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I always said health care reform would come to the United States, after decades of debating the issue, when private employers decided they could no longer afford the existing health-insurance system. And finally they did, and in 2010 we got the Affordable Care Act.
The question is, for whom is it affordable?
On one hand, the act does provide affordable health insurance for millions of Americans who before were either too poor to purchase any health insurance (and, at least in some states, they’re now eligible for Medicaid) or were forced to purchase private health insurance that was either too expensive and/or covered too little (and they can now purchase better and more affordable health insurance through the government-sponsored exchanges).
On the other hand, Obamacare is going to make it more affordable to drop workers from employer-provided health insurance programs, thus shifting the burden of paying for health insurance from employers to workers. In this, and as Neil Irwin reminds us, it’s not dissimilar from what employers managed to do by eliminating defined-benefits pension plans in favor or defined-contribution plans, and thus shifting the bulk of both the risk and the payments to workers themselves.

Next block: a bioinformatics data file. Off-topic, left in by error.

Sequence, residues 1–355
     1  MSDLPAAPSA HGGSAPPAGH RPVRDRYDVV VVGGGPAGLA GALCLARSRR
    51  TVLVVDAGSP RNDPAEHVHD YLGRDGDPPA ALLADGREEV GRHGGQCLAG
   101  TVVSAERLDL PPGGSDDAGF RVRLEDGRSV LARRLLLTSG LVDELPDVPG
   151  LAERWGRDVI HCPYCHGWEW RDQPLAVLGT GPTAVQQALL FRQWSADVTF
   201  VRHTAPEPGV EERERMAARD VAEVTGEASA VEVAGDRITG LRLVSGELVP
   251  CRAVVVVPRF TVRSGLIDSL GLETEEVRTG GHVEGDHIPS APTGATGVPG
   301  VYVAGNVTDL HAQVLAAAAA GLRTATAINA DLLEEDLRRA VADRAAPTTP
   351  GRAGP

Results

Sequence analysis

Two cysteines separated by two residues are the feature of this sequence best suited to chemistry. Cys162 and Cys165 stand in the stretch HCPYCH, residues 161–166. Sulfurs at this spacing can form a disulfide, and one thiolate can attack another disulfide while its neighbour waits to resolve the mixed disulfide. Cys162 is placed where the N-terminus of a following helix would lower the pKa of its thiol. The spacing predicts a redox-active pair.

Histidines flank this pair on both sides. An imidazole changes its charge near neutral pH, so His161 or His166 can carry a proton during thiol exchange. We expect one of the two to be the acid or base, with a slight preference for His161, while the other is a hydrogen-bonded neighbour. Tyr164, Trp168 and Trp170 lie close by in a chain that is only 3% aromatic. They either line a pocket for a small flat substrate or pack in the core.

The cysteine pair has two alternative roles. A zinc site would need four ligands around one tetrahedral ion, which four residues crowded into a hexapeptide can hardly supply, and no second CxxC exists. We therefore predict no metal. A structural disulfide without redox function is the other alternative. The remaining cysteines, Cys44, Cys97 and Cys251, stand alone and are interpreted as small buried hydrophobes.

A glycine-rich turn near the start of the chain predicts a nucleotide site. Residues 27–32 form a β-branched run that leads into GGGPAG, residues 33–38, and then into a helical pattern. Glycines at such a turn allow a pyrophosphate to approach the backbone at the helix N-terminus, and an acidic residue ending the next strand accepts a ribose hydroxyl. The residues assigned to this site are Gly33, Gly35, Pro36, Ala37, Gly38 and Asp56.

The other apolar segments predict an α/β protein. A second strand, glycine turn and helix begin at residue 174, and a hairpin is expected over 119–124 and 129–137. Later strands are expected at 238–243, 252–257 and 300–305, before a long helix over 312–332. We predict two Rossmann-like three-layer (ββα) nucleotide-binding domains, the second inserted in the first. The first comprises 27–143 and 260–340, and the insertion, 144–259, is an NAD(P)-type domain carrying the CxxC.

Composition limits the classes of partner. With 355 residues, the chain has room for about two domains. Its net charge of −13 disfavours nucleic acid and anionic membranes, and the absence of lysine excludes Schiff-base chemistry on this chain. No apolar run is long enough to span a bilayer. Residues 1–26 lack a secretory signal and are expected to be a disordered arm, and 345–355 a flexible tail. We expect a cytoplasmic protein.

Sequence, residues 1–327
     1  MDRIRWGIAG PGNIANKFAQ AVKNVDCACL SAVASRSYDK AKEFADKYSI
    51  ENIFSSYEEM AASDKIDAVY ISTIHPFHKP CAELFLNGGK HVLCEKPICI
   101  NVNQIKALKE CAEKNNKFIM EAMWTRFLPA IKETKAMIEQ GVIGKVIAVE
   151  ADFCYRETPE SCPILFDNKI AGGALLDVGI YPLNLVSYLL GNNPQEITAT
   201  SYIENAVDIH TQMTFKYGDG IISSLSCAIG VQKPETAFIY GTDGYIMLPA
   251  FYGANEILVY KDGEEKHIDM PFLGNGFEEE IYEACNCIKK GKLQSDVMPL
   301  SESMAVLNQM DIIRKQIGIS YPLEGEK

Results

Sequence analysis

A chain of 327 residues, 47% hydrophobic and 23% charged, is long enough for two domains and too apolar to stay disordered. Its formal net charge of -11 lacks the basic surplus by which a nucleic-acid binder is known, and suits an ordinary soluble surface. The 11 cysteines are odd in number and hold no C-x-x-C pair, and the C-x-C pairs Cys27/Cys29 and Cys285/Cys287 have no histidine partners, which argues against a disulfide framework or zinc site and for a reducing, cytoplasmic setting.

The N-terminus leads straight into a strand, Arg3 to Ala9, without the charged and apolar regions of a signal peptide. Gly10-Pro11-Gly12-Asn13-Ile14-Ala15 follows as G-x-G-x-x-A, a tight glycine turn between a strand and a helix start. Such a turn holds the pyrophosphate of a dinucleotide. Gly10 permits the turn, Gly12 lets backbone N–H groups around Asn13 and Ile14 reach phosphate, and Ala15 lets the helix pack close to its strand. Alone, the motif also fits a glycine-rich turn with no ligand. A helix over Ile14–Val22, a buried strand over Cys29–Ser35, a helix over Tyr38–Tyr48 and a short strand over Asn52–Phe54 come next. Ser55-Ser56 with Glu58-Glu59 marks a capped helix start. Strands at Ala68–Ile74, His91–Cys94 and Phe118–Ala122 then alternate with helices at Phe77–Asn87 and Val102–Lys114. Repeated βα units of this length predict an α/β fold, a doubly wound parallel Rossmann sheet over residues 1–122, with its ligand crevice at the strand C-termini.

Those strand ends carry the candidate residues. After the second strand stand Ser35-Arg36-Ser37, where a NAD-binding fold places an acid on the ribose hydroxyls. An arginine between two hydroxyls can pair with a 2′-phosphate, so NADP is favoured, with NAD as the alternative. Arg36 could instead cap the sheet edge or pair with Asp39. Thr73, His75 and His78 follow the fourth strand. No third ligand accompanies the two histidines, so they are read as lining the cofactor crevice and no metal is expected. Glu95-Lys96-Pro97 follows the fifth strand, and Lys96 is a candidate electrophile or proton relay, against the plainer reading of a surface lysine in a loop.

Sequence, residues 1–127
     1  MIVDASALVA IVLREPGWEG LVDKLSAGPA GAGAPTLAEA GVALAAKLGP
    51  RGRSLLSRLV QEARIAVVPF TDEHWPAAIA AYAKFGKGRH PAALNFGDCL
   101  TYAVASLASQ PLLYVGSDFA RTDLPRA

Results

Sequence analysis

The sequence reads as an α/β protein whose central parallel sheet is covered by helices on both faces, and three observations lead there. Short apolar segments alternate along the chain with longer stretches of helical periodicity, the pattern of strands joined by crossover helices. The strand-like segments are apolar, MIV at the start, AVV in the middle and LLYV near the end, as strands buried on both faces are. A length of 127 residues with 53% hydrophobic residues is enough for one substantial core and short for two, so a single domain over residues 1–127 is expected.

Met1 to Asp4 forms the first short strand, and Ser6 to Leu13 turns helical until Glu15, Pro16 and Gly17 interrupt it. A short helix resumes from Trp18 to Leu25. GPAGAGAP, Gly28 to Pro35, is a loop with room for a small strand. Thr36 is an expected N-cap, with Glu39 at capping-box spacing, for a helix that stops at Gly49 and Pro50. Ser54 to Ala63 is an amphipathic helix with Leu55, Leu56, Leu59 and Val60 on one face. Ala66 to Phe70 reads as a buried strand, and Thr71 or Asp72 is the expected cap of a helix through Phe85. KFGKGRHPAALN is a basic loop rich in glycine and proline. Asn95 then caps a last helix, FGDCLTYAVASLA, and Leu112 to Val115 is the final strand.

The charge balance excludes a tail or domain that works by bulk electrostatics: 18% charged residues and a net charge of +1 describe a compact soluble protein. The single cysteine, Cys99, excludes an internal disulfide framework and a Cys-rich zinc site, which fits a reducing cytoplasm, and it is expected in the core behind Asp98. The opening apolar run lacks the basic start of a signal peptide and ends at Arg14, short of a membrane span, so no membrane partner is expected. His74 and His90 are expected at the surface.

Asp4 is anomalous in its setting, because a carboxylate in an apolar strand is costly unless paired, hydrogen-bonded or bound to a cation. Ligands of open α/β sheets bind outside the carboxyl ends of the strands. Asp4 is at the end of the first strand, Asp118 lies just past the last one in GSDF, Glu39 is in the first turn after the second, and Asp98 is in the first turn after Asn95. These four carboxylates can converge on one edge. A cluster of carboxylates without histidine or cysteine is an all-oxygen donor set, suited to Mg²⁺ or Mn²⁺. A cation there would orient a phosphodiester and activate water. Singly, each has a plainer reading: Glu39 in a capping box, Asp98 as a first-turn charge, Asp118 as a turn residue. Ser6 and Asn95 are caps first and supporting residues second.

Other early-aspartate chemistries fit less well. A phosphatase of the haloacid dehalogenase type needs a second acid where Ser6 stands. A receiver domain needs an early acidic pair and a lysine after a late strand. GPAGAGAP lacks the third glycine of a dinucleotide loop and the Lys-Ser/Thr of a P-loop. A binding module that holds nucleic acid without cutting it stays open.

One way of looking at this is to examine what employers (at least large corporations) had to do to get access to the workers’ ability to labor. They had to pay a wage (so that workers could purchase the commodities they needed to consume in order to perform labor). On top of that, they had to distribute a portion of their profits to health-insurance companies, so that their workers could have access to health care. In recent years, employers have managed to shift more of the cost of that health insurance to workers (who have faced rising copayments and insurance premia, thus increasing the amount workers pay by 89 percent) but also, with the rising cost of health care, have had to pay out more from their profits to purchase health insurance from their workers (to the tune of an 77-percent increase).
If workers are shifted out of employer-sponsored plans to the health exchanges, employers’ profits are going to increase by a tremendous amount. According to the S&P Capital IQ study Irwin cites, we’re talking about
$700 billion between 2016 and 2025, or about 4 percent of the total value of those companies. The total could reach $3.25 trillion for all companies with more than 50 employees.
Workers, on the other hand, are going to have to pay for health insurance out of their wages, on top of everything else they currently purchase in order to support themselves and their families. Something is going to have to give.
Corporate profits will certainly rise. But how will their employees get by? As workers are forced to pay more and more of their health care, what are they going to have to give up—buying a home, saving for retirement, saving for their children’s college education?
In this sense, the reform that was implemented in 2010 may have made healthcare more affordable for the tiny minority of employers—but less affordable for everyone else.